Can a Chapter 7 Bankruptcy Save Your Home?

Many people contemplating filing for a Chapter 7 bankruptcy worry that they may not be able to save their home.

Our Denver bankruptcy attorneys know, however, that the truth of the matter is bankruptcy is often one of your only options for saving your home.

While it’s not going to be the solution for everyone, there are many people who can benefit. Consulting with an experienced bankruptcy lawyer is the only way to know for sure, but here are some thoughts to help you as you weigh your options:

A bankruptcy will halt a foreclosure proceeding. It will effectively end the creditor harassment. This gives you time to reorganize your finances and in some instances, catch up on your missed or late payments.

It’s generally going to be one of the best options for you to explore if you are behind on your payments but you still have ongoing and steady income.

In fact, a lender can’t foreclose or even try to collect debt from you once you’ve filed. A Chapter 7 will delay the foreclosure. It may also help you to ward it off altogether by freeing you from other debt so that you have the means to be able to pay your mortgage.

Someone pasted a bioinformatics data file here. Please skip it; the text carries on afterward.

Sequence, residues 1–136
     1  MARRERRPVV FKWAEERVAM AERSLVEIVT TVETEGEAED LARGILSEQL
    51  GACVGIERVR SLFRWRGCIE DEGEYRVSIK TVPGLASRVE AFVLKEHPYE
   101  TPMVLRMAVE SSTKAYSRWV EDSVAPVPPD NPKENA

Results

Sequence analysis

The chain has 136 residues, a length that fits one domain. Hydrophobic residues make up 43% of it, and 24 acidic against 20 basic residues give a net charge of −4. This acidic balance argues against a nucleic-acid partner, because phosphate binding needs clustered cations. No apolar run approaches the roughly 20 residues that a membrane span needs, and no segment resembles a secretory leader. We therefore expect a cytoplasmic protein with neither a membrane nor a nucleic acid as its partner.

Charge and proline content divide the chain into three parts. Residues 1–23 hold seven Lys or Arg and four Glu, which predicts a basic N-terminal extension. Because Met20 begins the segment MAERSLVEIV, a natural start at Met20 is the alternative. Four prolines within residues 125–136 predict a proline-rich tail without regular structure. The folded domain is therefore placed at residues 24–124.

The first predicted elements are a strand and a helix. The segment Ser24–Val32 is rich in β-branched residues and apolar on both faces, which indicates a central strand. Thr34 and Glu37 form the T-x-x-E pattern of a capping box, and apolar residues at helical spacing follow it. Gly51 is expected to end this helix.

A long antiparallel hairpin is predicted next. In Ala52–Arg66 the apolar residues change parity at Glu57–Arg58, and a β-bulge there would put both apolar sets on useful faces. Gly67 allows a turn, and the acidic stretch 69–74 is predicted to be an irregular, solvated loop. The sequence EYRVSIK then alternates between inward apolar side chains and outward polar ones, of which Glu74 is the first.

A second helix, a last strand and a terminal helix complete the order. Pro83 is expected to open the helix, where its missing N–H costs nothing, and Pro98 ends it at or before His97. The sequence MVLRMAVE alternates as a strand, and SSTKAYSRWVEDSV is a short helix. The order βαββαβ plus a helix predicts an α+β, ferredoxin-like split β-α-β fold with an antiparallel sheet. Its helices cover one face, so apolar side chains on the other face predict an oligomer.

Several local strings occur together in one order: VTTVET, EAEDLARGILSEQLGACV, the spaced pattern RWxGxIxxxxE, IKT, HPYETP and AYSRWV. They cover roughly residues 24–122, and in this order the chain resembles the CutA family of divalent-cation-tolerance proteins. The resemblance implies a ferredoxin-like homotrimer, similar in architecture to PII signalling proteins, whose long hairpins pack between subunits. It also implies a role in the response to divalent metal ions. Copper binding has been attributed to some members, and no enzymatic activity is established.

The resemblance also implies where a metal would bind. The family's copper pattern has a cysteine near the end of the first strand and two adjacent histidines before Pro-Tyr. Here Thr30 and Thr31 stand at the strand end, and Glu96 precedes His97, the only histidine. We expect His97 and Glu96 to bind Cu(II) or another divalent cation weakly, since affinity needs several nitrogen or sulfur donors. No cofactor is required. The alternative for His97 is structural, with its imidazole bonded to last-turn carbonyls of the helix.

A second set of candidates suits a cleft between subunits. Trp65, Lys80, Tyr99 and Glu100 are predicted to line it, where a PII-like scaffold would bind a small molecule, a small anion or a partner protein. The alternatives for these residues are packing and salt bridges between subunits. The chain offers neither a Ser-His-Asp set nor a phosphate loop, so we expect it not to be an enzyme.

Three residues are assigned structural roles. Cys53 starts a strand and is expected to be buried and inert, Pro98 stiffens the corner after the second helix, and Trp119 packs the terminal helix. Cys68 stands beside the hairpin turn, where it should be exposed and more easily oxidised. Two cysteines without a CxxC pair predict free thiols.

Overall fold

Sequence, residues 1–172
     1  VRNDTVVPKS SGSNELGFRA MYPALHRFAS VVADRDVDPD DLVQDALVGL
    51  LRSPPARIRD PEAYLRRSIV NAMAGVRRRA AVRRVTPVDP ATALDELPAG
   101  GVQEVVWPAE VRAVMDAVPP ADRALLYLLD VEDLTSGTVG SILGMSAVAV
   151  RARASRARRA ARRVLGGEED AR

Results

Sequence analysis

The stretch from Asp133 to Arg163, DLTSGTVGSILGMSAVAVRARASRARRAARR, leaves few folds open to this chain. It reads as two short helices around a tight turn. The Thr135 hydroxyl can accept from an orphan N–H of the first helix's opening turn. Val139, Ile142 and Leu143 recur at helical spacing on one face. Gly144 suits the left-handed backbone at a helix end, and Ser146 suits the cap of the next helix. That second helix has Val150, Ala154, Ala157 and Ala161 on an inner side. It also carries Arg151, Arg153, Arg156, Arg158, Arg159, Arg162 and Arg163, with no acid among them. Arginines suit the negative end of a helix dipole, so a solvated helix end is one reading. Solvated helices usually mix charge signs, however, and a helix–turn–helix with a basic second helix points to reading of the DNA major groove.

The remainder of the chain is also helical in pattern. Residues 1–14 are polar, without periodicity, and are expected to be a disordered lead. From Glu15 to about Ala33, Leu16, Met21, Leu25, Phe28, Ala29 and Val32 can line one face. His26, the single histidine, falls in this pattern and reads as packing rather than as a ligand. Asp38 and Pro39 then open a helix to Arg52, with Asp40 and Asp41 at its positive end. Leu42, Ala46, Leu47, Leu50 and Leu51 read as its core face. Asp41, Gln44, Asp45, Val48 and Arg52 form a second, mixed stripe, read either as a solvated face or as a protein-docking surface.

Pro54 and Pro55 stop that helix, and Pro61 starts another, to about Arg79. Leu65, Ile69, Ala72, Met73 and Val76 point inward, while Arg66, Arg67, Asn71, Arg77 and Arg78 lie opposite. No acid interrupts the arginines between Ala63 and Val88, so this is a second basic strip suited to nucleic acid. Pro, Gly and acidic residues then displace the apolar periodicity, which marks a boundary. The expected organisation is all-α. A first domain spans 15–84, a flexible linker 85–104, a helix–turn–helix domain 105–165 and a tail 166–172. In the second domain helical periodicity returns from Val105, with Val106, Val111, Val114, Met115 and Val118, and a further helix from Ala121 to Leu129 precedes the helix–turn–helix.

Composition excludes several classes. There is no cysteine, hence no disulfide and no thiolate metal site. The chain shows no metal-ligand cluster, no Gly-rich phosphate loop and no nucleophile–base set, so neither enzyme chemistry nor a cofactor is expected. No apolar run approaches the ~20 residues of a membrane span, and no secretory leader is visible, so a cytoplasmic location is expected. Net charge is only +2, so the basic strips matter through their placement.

Another possibility is filing for a Chapter 13 bankruptcy. This option allows you time to fix your finances, usually within the course of three to five years. In this scenarios, the court will set an income-based budget with monthly payments handled by the bankruptcy trustees.

These trustees in turn pay those bills, first attacking the secured debt. Then, they focus on unsecured debt, starting with any back taxes you owe. After that comes debts such as medical bills and credit cards. After that, trustees will pay the remaining bills, usually for a few cents on the dollar.

If borrowers are able to keep up with those payments, they can usually come out of a bankruptcy with their home still in their possession.

What the court generally can’t do is reduce your mortgage debt down to what the home is actually worth (a big concern for the many homeowners who are underwater) or lower interest rates or loan terms.

However, given some recent financial settlements finalized to hold some of the largest banks accountable for foreclosure abuses, there may be some additional remedies you may seek in terms of loan modification.

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